At first glance, Razzberry the Bichon Frise and Henry the Spinone Italiano don’t appear to have much in common: Razzberry is a toaster-sized ball of snowy white hair with an unnatural hostility to leather footwear. Laidback Henry, by contrast, looks like the famous big dog Benji and swoons at the sight of beef jerky or pigeons.
But what these two canine athletes do share is a passion for the obstacle-racing, jump-vaulting sport of agility (for those who aren’t familiar, agility is a dog sport where handlers direct their dogs through a pre-set obstacle course within a certain time limit.) And later this month, both will be heading to Reno, Nevada, as first-time competitors in the 2018 AKC National Agility Championship.
Not all agility trials are born equal, and the AKC Agility National Championship, held this year from March 23 to 25 at the Reno‐Sparks Livestock Event Center, is among the most prestigious in the country (check out agility stats compiled from the 750 exhibitors competing in the 2018 event).
“When you have a relatively rare breed like the Spinone, it’s much, much harder to qualify for Nationals,” says Stacie Roberts of Pocatello, Idaho, who owns and handles 6-year-old Henry, a scraggly-coated Italian hunting dog who Roberts says is usually mistaken for an Otterhound.
Photo: Gaines Photography
At the Agility Invitational, AKC’s other premier agility event held each December in Orlando, the top five agility dogs of each breed are invited to compete. But at the Nationals, Roberts notes, dogs qualify on their record regardless of breed. “So when you look at the list of competitors, you’ll see three solid pages of Border Collies” – the fastest and most competitive agility breed, and the one for which the sport was designed – “and maybe one Spinone somewhere. For us, qualifying to compete was a really big accomplishment.”
Henry – one of just a handful of Spinoni to successfully compete in agility at the Masters level – is only the third of his breed to compete at the Nationals. But no matter what the venue, running a Spinone can be a challenge, Roberts concedes.
“Spinoni are easy to train, but they can be quite stubborn,” Roberts says. Henry’s affability can sometimes inspire the occasional “Spinone moment”: “Sometimes he’ll just go and visit the judge – he wants to know what they’re looking at,” she explains. In his years of competition, Henry has learned to tune out most distractions, except for the time a flock of pigeons flew by while he was in the ring – a provocation no bird dog worth his salt could pass up.
Photo: Gaines Photography
Size can also be an issue: The Spinone’s naturally big stride makes hitting the contacts on obstacles such as the dog walk more difficult. In a concession to Henry’s 85-pound frame, Roberts runs him at in the Preferred class, which uses modified, lower jump heights. And because the breed was designed to hunt hard in the morning and then recoup energy during the day, “they can get tired more easily than some other breeds,” requiring hotel timeouts between runs so Henry can recharge.
That level of competition may seem impossibly intimidating. But Sari Bankson of Fort Gratiot, Michigan, who owns and handles Razzberry the Bichon, says it’s nothing short of exhilarating.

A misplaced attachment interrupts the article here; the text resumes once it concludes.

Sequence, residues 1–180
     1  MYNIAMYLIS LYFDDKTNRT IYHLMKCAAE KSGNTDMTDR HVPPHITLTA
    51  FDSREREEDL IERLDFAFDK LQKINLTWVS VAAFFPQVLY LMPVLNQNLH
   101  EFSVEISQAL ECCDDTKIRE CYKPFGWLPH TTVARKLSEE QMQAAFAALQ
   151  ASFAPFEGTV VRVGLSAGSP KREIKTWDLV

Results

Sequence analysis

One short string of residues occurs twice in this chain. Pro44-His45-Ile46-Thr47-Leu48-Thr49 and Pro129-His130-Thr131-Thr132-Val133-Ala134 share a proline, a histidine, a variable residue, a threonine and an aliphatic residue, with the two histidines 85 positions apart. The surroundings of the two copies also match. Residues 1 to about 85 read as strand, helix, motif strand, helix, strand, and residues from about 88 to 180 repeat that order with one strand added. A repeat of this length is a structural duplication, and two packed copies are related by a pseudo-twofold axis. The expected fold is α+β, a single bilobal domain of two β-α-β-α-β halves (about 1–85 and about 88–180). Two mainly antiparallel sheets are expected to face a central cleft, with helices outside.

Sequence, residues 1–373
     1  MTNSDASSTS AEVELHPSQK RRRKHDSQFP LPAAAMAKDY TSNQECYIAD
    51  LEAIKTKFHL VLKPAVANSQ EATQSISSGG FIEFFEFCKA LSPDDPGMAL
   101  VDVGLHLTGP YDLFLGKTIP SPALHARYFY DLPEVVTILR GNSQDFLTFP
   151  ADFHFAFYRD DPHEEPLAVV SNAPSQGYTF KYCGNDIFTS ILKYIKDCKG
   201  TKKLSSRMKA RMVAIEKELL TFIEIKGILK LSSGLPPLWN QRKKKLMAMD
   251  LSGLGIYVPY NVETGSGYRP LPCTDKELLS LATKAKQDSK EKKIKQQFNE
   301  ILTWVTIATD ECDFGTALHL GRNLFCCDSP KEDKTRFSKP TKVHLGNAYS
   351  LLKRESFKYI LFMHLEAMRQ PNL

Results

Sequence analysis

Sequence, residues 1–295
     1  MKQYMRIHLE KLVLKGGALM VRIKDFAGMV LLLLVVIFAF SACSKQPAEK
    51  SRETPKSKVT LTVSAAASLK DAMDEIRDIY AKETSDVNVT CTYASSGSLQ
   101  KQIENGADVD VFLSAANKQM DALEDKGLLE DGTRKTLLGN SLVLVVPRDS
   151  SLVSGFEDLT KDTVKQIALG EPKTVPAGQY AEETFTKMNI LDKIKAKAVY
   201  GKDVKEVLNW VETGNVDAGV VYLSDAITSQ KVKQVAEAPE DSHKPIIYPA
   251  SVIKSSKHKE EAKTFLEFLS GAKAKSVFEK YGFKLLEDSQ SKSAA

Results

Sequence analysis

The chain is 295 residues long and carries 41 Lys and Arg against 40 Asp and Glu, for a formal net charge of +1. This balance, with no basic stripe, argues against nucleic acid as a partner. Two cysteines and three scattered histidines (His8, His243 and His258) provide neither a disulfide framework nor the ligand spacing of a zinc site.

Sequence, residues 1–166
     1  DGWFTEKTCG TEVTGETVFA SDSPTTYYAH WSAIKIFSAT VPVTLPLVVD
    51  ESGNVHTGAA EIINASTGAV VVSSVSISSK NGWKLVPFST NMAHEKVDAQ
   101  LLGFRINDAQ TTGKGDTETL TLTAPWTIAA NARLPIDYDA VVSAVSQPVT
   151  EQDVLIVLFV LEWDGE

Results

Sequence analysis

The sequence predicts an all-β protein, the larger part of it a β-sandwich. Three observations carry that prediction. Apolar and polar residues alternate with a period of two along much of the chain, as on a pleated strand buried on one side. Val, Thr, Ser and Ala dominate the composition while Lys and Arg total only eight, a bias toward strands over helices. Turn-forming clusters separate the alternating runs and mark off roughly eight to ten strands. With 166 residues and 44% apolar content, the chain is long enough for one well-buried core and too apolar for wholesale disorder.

Seven-year-old Razzberry – Bankson is a foodie, in case you haven’t guessed – started competing in agility when she was just over a year old. A bit intimidated by what she heard was the intensity of AKC trials, Bankson instead entered events sponsored by other agility organizations. But a couple of years ago, after the “minor leagues,” as the calls them, no longer provided a challenge, Bankson entered her first AKC trial. And she was pleasantly surprised at just how welcoming the “major leagues” could be.
Photo: Rick Fleming
“I liked the challenge of the AKC courses compared to what I was used to, and I liked the support from the audience and the other agility people,” Bankson says. “I would have people I didn’t even know coming up to me saying, ‘Hey, good run!’”
After achieving her MACH title in November and ranking as the AKC’s #4 Bichon Frise last year in just under seven months, Razzberry went to compete at the AKC Agility Invitational this December as well as last month’s Westminster Kennel Club’s Masters Agility competition.
Like any star athlete, Razzberry does have her quirks. “She’s terrified of things that are made of wildlife, like boots lined with rabbit fur or leather gloves,” Bankson explains.
The solution? Razzberry sits on a chair ringside while waiting her turn to compete: Being elevated helps keep her calm.
Photo: Rick Fleming
In Reno, the biggest challenge will be a cosmetic one: The climate-controlled horse arena has a packed-dirt floor, and by the end, Razzberry will likely be “red or orange or brown or whatever color the dirt is,” Bankson says cheerfully.
In the end, she thinks, it’s a small price to pay for an activity she and her dog love so much. When Razzberry and Henry arrive at the AKC National Agility Championship in Reno later this month, their presence wordlessly will broadcast the same message: Agility is a gloriously addictive sport. And if you train hard enough, and your bond with your four-legged partner is strong enough, you can get to the top, too.
More about the AKC National Agility Championship:
The 2018 AKC National Agility Championship takes place Friday, Saturday, and Sunday, March 23-25, 2018, in Reno, Nevada. The event will be held at the Reno-Sparks Livestock Event Center and is FREE for the general public to attend. For more details, click here, and tune in to AKC.TV or our Facebook page on Sunday, March 25, 2018, to watch the livestream of the AKC 2018 National Agility Championship finals beginning at 8 p.m. EST.
Header photo: Sari Bankson/Gaines Photography